According to the Center for Disease Control and Prevention in a study in 2004, 16% of children (over 9 million) that are between the ages of 6 -19 years old are overweight or obese, a number that has tripled since 1980 (mostly due to electronic usage). Being overweight can bring with it great health concerns. Many of these children have a good chance of developing Type II Diabetes, asthma, sleep apnea, social discrimination, high cholesterol and/or blood pressure. Also, according to a Stanford University of Medicine study, elementary students consume 20% of their daily calorie intake while watching television, which usually includes unhealthy snacks, largely due to advertisements for junk food and boredom. Coincidently, kids are not burning off any of these calories while they are plopped in front of the television.

Another area of focus is that children who spend too much time in front of the television or playing video games tend to have worse grades than those students who are active and involved in extracurricular activities. Studies have shown that since they are so used to multi-tasking they have trouble focusing all of their attention on schoolwork. Studies performed by Dr. Rosen at Cal State showed that 16-18 year olds perform 7 tasks, on average, at one time like texting on their cell phone, sending instant messages while checking Facebook with the television on. “I worry that young people won’t be able to summon the capacity to focus and concentrate when they need to,” said Vickey Rideout, a Vice President at the Kaiser Foundation.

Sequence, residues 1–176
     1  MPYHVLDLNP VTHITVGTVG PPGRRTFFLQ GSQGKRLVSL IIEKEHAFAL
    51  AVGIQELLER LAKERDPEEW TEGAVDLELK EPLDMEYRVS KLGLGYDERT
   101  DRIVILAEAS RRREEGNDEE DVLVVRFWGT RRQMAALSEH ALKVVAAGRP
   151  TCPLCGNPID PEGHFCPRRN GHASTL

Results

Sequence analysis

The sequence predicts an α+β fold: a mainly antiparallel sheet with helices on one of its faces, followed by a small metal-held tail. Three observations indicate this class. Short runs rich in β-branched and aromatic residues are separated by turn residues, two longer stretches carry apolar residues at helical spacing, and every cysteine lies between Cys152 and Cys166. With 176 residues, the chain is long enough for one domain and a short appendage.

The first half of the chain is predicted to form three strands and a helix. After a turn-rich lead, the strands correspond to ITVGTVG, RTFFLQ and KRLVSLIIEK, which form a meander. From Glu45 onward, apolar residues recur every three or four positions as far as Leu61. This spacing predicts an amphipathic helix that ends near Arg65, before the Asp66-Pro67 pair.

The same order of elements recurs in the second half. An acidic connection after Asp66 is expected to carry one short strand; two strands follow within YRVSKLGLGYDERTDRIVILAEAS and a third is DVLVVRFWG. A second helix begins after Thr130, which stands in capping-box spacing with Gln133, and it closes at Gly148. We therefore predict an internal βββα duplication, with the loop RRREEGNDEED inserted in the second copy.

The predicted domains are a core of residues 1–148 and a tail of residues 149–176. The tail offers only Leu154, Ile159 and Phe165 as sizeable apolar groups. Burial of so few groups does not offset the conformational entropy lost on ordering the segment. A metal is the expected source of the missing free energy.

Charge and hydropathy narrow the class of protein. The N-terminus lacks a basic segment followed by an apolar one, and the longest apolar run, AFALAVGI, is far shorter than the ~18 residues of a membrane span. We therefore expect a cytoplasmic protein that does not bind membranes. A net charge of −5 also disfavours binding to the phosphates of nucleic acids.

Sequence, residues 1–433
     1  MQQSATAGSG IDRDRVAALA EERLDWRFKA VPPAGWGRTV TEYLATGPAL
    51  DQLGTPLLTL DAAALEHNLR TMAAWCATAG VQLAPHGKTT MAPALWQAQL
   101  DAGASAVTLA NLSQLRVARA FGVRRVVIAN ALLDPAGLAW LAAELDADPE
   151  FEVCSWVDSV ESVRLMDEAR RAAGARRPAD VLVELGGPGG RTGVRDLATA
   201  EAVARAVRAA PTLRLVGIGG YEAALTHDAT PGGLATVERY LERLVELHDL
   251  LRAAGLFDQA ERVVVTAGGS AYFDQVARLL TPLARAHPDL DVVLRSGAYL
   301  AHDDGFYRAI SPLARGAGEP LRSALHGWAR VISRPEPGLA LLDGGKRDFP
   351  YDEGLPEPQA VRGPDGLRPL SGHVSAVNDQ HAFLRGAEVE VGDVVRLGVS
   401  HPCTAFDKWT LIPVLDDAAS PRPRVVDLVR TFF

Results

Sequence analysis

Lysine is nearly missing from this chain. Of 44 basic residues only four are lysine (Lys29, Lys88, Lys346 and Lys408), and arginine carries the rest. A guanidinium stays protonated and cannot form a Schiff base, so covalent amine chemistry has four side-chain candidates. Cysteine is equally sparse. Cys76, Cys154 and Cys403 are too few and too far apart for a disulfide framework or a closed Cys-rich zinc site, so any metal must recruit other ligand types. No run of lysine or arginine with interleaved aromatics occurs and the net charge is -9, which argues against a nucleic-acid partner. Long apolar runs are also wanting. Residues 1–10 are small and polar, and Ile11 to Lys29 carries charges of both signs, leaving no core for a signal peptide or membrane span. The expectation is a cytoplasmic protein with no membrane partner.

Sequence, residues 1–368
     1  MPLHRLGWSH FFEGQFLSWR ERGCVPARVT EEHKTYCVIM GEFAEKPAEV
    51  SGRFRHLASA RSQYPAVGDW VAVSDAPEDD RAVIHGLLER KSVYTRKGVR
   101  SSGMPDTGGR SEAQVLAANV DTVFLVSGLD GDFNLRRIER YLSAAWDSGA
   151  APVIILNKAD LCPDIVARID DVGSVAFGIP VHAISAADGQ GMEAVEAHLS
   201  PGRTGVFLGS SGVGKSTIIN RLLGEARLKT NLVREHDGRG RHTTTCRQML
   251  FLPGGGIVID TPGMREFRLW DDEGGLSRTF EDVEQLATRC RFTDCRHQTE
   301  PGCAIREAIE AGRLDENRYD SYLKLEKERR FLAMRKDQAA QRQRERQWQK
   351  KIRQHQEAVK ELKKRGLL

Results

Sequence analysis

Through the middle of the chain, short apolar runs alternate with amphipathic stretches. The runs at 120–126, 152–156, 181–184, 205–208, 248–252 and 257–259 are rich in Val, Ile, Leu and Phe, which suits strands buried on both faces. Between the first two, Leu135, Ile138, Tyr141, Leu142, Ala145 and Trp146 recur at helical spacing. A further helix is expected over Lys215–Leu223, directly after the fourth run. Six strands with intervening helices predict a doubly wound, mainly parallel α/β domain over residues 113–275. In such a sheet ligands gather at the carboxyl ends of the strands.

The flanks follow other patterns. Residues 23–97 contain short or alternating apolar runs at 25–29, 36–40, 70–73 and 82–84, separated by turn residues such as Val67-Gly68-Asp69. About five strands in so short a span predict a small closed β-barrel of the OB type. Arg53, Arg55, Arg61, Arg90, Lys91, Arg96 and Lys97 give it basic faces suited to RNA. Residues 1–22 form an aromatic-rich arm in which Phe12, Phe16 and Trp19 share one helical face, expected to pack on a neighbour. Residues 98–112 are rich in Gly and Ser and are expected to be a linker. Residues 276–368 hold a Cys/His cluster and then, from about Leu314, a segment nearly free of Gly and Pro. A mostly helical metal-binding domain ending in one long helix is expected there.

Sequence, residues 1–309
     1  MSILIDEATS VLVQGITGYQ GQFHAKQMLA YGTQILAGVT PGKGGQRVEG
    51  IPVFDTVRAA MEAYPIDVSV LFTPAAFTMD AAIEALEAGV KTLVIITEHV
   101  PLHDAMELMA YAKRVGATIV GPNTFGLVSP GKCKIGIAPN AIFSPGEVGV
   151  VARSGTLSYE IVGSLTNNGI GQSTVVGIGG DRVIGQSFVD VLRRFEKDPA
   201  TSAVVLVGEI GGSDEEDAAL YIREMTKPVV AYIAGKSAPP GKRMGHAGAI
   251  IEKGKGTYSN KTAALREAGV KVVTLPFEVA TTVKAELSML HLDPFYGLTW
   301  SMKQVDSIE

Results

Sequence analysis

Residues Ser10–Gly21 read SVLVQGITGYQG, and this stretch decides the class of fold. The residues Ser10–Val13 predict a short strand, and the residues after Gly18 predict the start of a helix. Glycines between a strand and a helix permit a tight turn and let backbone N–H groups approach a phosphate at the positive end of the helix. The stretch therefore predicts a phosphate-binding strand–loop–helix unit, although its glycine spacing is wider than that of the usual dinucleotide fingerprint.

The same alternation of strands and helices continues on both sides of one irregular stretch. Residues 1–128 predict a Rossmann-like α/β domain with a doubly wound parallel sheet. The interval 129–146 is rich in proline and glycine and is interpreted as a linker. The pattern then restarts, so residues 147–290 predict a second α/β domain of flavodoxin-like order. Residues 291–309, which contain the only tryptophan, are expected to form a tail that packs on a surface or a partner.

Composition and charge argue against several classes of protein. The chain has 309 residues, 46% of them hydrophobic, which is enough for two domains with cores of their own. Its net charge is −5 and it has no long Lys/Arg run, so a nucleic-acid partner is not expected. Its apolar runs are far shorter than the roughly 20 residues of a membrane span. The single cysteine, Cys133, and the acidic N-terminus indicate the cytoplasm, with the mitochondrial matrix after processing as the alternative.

Impatience goes hand in hand with the laziness kids are starting to develop. Due to the ease of access to the internet kids now expect immediate responses and rely on the internet to give them all of the answers. They expect answers before they take time to think about solutions. According to an article in the New York Times this January, new technology is creating mini-generation gaps and are most visible in communication and entertainment choices. Dr. Rosen said that the newest generations, unlike their older peers, will expect an instant response from everyone they communicate with, and won’t have the patience for anything less. “They’ll want their teachers and professors to respond to them immediately, and they will expect instantaneous access to everyone, because after all, that is the experience they have had growing up,” he said. This is a common problem of kids of this generation and kids are losing the value of learning from their mistakes. Family Life

Families are being hurt as well by all of the new technology. When a group of 4-6 year olds were asked to choose between watching TV and spending quality time with their fathers, 54% of them would rather watch TV. Also, according to the same survey reported by the A.C. Nielson Company the average parent spends three and a half minutes A WEEK having meaningful conversations with their children. Technology is creating a generation gap that makes parents feel as though they can’t relate to what their kids are doing.

Another controversial topic circling right now is the amount of violence kids are exposed to while playing video games or watching television. Many TV shows now posses poor role models and expose children to things that they may be too young to see while video games allow kids to play with fake guns. The same survey by A.C. Neilson Company reported that by the time a child finishes elementary school they will have already witnessed 8,000 murders. In the USA an average of 20-25 violent acts are shown in children’s television programs each hour. A significant association was found between the amount of time spent watching television during adolescence, with its exposure to violence, and the likelihood of subsequent antisocial behavior, such as threatening aggression, assault or physical fights resulting in injury, and robbery. Young children are more easily impressionable. have a harder time distinguishing between fantasy and reality. cannot easily discern motives for violence learn by observing and imitating.